Jonah, the Fish, and Us

“Out of the depths I cry to you, O Lord. Lord, hear my voice! Let your ears be attentive to the voice of my supplications! If you, O Lord, should mark iniquities, Lord, who could stand?
But there is forgiveness with you, so that you may be revered. I wait for the Lord, my soul waits, and in his word I hope; my soul waits for the Lord more than those who watch for the morning, more than those who watch for the morning.
O Israel, hope in the Lord! For with the Lord there is steadfast love, and with him is great power to redeem. It is he who will redeem Israel from all its iniquities.” (Psalm 130 NRSV)

I love the story of Jonah and the great big fish. Whether one interprets the story as a parable or as a literal event, there is no denying one fact. In the deepest most isolated area imaginable, God heard the cry of Jonah. Through umpteen million tons of blubber and a raging storm, God heard an incredible cry of dread.

This is the power of Psalm 130. Out of a sense of fear and in the middle of absolute darkness, God hears the voice of His people. God not only hears us, but God forgives us. In the pit of despair, when all seems lost and hopeless, God delivers and restores us. There is hope in a hopeless situation. This is our story. We are freed from darkness to come into the light.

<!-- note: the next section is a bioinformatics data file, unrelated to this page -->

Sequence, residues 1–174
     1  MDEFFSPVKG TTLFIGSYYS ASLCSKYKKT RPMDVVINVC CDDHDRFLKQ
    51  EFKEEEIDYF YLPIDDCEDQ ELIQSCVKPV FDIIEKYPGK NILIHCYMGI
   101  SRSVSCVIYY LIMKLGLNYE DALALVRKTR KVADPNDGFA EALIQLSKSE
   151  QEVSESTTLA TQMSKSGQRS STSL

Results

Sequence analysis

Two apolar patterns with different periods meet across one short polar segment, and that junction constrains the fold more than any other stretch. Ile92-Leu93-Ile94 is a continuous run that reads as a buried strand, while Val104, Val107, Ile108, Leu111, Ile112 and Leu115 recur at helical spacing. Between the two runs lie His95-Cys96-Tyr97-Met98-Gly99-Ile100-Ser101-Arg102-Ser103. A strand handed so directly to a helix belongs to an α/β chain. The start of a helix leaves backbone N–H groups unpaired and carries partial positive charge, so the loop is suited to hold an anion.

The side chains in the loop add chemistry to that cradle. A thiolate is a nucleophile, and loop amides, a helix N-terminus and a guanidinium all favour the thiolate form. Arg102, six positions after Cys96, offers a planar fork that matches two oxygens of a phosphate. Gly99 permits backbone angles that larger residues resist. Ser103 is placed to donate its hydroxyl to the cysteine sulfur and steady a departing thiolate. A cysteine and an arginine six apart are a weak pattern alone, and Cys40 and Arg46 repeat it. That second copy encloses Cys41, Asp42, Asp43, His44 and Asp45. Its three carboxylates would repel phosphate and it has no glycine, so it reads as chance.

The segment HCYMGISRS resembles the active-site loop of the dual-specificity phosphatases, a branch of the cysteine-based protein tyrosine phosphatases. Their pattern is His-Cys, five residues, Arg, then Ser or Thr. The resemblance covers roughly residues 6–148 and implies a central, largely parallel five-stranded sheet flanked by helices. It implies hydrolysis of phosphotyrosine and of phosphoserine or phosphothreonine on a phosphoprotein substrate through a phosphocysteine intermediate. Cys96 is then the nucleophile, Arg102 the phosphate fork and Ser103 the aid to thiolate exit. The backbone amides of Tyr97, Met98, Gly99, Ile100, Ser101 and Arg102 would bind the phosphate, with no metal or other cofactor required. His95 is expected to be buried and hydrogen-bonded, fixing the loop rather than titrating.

The psalmist did not stop at individual salvation. The very last portion was an appeal to the whole nation of Israel. The individual and communal natures of God’s salvific works depend on the participation of all believers. This implies that the church, comprised of those who have experienced an individual change, must also seek forgiveness as a collective body of believers.

One cannot argue that the church has failed to be perfect in the world. It is very easy to sight many events in our history which would support the claim that the church has at times been anything but holy. However, at its best, the church has and continues to provide ministries which make a positive and lasting impact on our world. We as a church must petition God to forgive us and move forward to learn from our past. This is the only way that we can build our future.

As for that big fish in Jonah, I am sure that it suffered a whole bunch of heartburn and trauma. How could it not? The good news is that Jonah was freed and the fish could swim easily and happily. Our hope is to be freed from whatever pit in which we find ourselves and discover the radical love and joy of God.

Published by joekmac

I am a pastor in the United Methodist Tradition. I am the Pastor of First United Methodist Church of Belen in the New Mexico Annual Conference. I am married to Cazandra and have two sons with hemophilia.

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